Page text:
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Over Half of UK Landlords Lost Income During COVID

A report carried out by Simply Business has shed light on the true impact the outbreak of the COVID-19 pandemic has had on UK landlords. Speaking to over 500 landlords, the findings state that around one in ten rental property owners experienced a loss of at least £10,000 since March 2020, with more than a third of these landlords resorting to using their personal savings to recuperate some of their lost rental income.

Rather distressingly, the research has also found that of the 2.6million landlord that provide rental accommodation through the UK and accounting for almost 4.5 million homes, around a fifth of these rental property owners are planning to sell up and offer their entire portfolios to the market, thanks to the uncertainty and hardship experiences across the private rental sector thanks to COVID-19.

No doubt this will have been influenced by over 51% of the landlords used in the report lost rental income during the pandemic, leaving them more exposed to the costs of repairs, improvements, any mortgage and insurance policies alongside general property management costs.

With 27% of the landlords explained that this fall in realised rental income was due to the occupants of their rental properties struggling financial thanks to reduced working hours and an uncertain income, this was not the exclusive cause as 8% revealed they were unable to find suitable tenants during the outbreak, resulting in a loss of rental income.

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The findings from Simply Business further revealed that of the landlords that experienced a reduction in their rental income over the pandemic, 47% lost between “£2,001 and £10,000, with a further 14% of landlords seeing a loss greater than £10,000. Worryingly 47% of landlords believe that it will take them more than six months to recover their lost income, with some saying it could take as long as five years to recuperate the missing rental payments.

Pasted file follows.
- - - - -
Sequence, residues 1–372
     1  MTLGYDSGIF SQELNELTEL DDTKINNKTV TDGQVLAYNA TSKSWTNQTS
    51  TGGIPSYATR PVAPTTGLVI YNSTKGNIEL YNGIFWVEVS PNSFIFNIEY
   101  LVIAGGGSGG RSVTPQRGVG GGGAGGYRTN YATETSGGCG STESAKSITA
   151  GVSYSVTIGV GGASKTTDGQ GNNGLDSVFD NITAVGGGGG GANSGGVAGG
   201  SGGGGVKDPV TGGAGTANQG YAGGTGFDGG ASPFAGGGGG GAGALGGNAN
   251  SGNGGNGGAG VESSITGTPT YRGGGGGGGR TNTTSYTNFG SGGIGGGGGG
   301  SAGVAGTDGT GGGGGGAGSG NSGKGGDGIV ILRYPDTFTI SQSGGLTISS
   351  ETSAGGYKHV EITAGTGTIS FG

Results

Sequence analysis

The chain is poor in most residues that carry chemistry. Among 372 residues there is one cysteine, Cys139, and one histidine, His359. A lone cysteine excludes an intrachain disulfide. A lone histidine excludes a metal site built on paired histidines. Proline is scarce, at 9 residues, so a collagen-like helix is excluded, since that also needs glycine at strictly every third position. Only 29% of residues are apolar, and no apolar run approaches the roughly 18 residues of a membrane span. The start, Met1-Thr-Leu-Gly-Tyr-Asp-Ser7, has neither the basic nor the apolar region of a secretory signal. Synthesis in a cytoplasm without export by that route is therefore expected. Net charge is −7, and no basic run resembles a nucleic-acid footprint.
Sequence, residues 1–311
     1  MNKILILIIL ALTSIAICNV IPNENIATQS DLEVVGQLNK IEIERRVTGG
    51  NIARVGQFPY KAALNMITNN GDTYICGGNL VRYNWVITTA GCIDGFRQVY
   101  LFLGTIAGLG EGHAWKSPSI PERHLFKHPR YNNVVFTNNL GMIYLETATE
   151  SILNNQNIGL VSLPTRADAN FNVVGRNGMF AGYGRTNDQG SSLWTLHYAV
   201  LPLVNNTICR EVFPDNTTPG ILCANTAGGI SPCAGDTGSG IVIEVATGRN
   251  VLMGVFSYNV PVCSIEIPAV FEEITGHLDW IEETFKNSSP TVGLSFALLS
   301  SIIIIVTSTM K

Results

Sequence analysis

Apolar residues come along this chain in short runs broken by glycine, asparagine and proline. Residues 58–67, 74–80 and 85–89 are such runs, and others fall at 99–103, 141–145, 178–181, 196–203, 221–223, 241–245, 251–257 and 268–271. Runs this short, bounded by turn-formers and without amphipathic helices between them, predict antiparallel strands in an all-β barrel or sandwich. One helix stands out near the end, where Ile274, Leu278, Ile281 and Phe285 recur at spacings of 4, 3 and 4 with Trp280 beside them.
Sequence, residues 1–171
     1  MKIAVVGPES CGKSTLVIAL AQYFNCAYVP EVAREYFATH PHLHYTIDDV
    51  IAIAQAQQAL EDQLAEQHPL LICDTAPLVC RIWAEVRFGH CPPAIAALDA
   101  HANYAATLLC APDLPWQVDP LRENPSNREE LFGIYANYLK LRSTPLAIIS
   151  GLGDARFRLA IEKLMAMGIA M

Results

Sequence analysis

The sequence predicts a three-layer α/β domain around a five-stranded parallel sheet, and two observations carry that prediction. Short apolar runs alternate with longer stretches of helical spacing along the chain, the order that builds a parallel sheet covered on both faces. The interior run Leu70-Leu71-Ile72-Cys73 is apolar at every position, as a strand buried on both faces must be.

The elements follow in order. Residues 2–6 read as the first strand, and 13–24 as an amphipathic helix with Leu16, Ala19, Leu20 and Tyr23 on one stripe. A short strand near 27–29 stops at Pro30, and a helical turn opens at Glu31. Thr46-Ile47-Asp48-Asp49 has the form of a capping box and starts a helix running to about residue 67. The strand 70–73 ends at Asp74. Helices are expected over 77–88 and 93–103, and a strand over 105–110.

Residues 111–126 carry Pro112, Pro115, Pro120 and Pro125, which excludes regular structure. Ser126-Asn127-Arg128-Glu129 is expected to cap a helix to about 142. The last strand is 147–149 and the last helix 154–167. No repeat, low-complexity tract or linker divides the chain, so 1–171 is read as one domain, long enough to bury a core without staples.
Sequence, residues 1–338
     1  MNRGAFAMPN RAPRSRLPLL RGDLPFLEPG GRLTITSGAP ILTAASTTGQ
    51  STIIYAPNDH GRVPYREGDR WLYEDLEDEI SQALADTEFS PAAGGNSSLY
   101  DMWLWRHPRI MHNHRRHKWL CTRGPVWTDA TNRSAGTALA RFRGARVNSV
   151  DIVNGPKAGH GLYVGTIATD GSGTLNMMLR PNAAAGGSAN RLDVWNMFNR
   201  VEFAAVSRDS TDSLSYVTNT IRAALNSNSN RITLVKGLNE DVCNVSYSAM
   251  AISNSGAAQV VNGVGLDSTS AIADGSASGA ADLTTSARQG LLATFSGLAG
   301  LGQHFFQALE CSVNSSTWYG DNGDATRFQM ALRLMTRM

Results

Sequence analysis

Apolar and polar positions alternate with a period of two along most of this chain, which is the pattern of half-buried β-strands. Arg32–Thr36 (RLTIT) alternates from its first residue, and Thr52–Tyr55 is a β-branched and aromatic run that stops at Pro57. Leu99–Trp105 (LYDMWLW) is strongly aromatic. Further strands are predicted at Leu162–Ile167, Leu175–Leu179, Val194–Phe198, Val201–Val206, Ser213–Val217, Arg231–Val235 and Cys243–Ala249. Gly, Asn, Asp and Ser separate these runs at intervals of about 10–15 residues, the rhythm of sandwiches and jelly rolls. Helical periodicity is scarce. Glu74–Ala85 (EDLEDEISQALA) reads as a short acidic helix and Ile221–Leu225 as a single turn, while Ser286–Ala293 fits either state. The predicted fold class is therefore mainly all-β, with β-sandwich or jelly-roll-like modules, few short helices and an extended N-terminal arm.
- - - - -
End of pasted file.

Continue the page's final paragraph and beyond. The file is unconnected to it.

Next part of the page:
Although many landlords have expressed frustration with the government’s eviction ban, rolled out to ensure that the nation has not plunged into a homelessness crisis in the middle of the outbreak, however rental property owners stated that enough distinction wasn’t made between renters that had fallen on hard times and were unable to pay their rent, and problem tenants who’s arrears in some cases pre dated the pandemic. 21% of the landlords surveyed by Simply Business revealed that the eviction ban shouldn’t have been implemented, with 19% saying that although they feel an eviction ban was needed, the relief offered should have been for a far shorter period. However, 18% stated that they faced problems trying to remove a problem tenant and reclaim possession of their rental property because of the eviction ban.

Similarly, 43% of landlords revealed that they needed more support from government initiatives to tackle difficult tenants, with 34% commenting that the government measures didn’t property support renters during the pandemic, and should have been better financially aided to allow them to pay their rent. Further to this 43% feel that landlords that have had a dramatic loss in rental income should be compensated by the government for their missing rent.

Of course, with the outbreak of the virus having an impact on working hours and the certainty that surrounds so many peoples income, the inability of renters to meet their rental obligations has unfortunately not only left record numbers of those that had never previously been indebted to their landlord struggling to make ends meet, but left the landlord’s themselves facing eye watering losses. Throughout this period the government has maintained that despite mounting arrears, the best course of action remains having an open dialog between tenants and their landlords to arrange a payment holiday or reduced rent initiative. With this in mind Simply Business found that a quarter of landlords felt that their relationship with their tenants had deteriorated over the last 18 months, with a mere 3% saying that their relationship with their tenants had improved.

As mentioned tenants that were facing difficulty during the pandemic were encouraged to communicate with their landlord to try and reach a resolve and prevent rent arrears from mounting.  Unfortunately it was not always the case where such an arrangement could be made, but of the landlords included in the study, 14% providing their struggling tenants with a rent reductions, 8% offered rent breaks to the occupant of their rental property, with 7% redecorating the property for their tenants. It is understandable that landlords may feel some apprehension surround the matter of the tenant’s adhering to the agreed upon payment plan, however 56% of landlords found that their tenants stuck to the outlined arrangement, with 44% saying that their renters were unable to adhere to the repayment schedule.